Photos and story by Chris Stone
By the time your preschooler is 3, you probably have a good idea if the tot is a cooperative soul or a handful. The same is true for horses.
“You ride the horse that you have today, not the horse that you rode yesterday – and it’s the same horse,” she said.
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The Hunter/Jumper group is the last to be highlighted in the Horse Arena in the three-week event at the fairgrounds.
And horses are just as unpredictable as their human counterparts, Nass said, who has been riding since she was 5.
At 3 or 4, horses show a lot about their personalities, said the 31-year-old rider.
Do they have a good attitude? Are they cooperative? Or will they refuse to follow instructions? Some get spooked and come to a standstill in front of the barrier rather than jump over it.
They have their good days and bad days, but good jumpers are responsive, enjoy their job and show happiness by having their ears forward, the rider said.
“When I was in training,” Nass said, “we were told that horses aren’t machines” and were different each day.
Some horses never balk at the barriers. Others do occasionally, while some do all the time, Nass explained. The latter usually flunk out of jumping school.
“They sort of fit into categories depending on how they were bred,” the Moorpark resident said Tuesday while watching horses in the Hunter category.
Nass explained that the Hunter class has more to do with style and finesse. Jumpers need to be able to leap higher, and be careful and faster. Both categories need to show good movement and athleticism.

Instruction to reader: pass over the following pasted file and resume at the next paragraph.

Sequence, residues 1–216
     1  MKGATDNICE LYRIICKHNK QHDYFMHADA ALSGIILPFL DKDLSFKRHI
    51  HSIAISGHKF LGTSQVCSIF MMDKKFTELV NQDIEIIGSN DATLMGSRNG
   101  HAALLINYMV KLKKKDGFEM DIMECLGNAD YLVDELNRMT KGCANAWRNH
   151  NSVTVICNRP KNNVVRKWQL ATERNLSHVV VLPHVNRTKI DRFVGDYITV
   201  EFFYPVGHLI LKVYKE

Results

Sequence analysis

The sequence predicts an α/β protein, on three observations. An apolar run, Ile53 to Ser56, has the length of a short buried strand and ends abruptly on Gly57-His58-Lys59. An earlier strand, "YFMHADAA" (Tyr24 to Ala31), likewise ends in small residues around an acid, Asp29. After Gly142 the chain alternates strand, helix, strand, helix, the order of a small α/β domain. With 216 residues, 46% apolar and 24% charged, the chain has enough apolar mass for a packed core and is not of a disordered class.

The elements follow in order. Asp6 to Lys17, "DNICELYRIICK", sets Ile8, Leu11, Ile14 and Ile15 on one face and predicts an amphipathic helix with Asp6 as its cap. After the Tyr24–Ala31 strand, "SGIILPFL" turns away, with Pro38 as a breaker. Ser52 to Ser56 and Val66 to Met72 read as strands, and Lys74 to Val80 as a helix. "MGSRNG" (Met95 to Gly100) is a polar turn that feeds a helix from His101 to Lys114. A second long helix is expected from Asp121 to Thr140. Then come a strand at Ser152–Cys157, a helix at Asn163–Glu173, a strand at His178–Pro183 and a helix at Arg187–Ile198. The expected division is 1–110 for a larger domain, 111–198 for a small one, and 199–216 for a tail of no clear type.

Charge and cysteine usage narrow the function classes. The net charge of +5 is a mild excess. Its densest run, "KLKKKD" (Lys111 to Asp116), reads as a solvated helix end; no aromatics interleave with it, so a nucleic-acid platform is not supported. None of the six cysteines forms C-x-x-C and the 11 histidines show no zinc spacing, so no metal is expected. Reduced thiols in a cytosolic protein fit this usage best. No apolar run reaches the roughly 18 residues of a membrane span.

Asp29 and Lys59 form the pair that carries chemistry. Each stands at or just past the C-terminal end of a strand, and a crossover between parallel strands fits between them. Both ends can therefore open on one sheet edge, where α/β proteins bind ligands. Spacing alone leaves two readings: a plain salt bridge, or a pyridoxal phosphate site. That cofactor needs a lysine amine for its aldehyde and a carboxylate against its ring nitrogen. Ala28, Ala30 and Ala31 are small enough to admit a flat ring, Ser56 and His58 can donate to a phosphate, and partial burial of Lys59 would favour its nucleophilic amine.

They are scored on speed and the number of faults during the competition, Nass explained. Riders are scored separately.
“I like the quality of the horse personally,” Nass said, “I like to learn how to jump better and give them best ride that I can.”
Many riders own their own horses; others use ones supplied by trainers.
It takes about a week of daily riding for a rider to understand their mount’s personality and idiosyncrasies, she said.
But after about 15 minutes, an experienced rider can get a feel for whether the horse steps off right, stops and turns easily. Or if you have an animal that spooks easily.
Nass had two misconceptions she wanted to dispel about horse jumping.
People think this is just for the rich,” she said. “Having money certainly helps, but if you work hard, you can do this without being rich.”
Secondly, she said some people have claimed the horses may be mistreated.
“Most barns treat the horses very well and care about their health and well-being,” Nass said.
The Hunter/Jumper week continues through May 3. Free daytime shows are from 8 a.m. to 4 p.m.
The $25,000 Surfside Grand Prix starts at 6:30 p.m. May 1, and the $100,000 Grand Prix of Del Mar along with $10,000 Speed Derby begins at 6:45 May 2.
Tickets may be had at the horse show box office at the fairgrounds or online through Ticketmaster.
“It’s fun to watch,” Nass said.
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